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When can arbitration help resolve business disputes?

On Behalf of | Mar 22, 2024 | Business Litigation

Conflicts within business are commonplace. Having a passionate team can mean that conflicts become heated. In some cases, these disagreements can escalate and result in legal action. Whether looking to navigate this type of dispute or put together contracts that address the potential for the dispute before it becomes a problem, business leaders are wise to consider the role arbitration can play in helping to better ensure their business survives the dispute.

What is arbitration?

Arbitration has become a favored method for resolving business disputes, offering an alternative to the traditional court system. This method involves a neutral third party who reviews the case and works towards a resolution.

It is important to review the language of the arbitration provision, whether headed to arbitrate a dispute or looking to add one in business documents, as the decision is often legally binding for both sides involved.

What are the benefits and risks of arbitration?

Two of the primary benefits of arbitration include:

  1. Cost efficiency. Arbitration can be less expensive than litigation due to its streamlined process. Parties avoid the extensive pre-trial procedures, and this can significantly reduce legal costs.
  2. Confidentiality. Unlike court trials, which are public, arbitration proceedings are private. This confidentiality can protect a company’s reputation and trade secrets.

Businesses often prefer arbitration for its various benefits, but it is important to consider the potential risks as well. It is important to note that those who enter arbitration generally have limited options for recourse. As noted above, decisions in arbitration are often final and binding, with very limited opportunities for appeal. This can be risky if the arbitrator makes an unexpected decision.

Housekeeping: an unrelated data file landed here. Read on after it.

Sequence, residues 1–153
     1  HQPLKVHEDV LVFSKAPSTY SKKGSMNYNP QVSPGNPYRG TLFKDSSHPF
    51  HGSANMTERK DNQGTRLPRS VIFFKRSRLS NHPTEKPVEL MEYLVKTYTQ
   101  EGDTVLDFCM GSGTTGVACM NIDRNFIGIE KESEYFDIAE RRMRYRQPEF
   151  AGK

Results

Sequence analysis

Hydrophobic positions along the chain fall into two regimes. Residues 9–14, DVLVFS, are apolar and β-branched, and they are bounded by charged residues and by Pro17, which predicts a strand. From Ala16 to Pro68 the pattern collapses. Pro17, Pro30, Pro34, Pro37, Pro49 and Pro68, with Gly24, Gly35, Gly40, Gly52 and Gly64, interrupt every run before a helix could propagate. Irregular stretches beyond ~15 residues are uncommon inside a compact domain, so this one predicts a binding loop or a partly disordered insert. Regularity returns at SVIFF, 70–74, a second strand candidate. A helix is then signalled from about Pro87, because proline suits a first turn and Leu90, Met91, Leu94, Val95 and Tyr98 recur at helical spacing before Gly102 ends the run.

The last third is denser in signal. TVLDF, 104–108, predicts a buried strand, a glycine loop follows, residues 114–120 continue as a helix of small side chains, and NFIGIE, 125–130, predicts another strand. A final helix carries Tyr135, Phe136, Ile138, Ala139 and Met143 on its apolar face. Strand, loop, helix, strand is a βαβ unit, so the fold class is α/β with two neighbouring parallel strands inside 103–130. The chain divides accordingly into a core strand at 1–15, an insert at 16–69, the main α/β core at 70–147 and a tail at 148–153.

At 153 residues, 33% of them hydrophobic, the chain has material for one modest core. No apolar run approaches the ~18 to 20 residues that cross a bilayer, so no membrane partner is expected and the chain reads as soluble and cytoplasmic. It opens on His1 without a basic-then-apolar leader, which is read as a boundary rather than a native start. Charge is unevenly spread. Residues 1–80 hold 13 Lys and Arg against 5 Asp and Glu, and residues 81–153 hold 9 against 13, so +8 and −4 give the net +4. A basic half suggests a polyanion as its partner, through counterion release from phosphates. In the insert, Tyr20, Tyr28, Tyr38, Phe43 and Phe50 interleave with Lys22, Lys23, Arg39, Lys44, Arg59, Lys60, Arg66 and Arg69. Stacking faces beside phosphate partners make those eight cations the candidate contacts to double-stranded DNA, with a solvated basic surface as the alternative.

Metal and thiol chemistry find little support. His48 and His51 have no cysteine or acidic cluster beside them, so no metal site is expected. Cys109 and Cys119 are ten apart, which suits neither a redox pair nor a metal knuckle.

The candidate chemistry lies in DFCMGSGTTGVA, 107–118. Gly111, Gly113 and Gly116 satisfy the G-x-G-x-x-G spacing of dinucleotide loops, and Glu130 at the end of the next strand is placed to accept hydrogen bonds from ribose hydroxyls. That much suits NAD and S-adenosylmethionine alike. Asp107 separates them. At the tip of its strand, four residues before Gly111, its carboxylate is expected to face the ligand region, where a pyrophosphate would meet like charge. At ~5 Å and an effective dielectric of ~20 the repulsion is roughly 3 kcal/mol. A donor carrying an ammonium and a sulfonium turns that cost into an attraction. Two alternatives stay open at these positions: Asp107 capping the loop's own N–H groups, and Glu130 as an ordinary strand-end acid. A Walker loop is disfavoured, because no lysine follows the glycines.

The arbitration process can also result in an uneven playing field. If one party has more experience in the arbitration process, they might have an advantage over the other party who is less familiar with arbitration.

How is arbitration different from courtroom litigation?

Arbitration differs from court litigation in several key ways. The informal setting and the ability to choose an expert in the field as the arbitrator are among the unique features of arbitration. However, the lack of formal evidence rules can be a double-edged sword, offering flexibility but also unpredictability in the presentation and consideration of evidence.

Arbitration is often a valuable tool for resolving business disputes efficiently and privately. However, parties must weigh the lack of options for recourse and the potential for bias before opting for arbitration. It is essential for businesses to carefully consider these factors when drafting arbitration clauses in contracts or deciding to proceed with arbitration.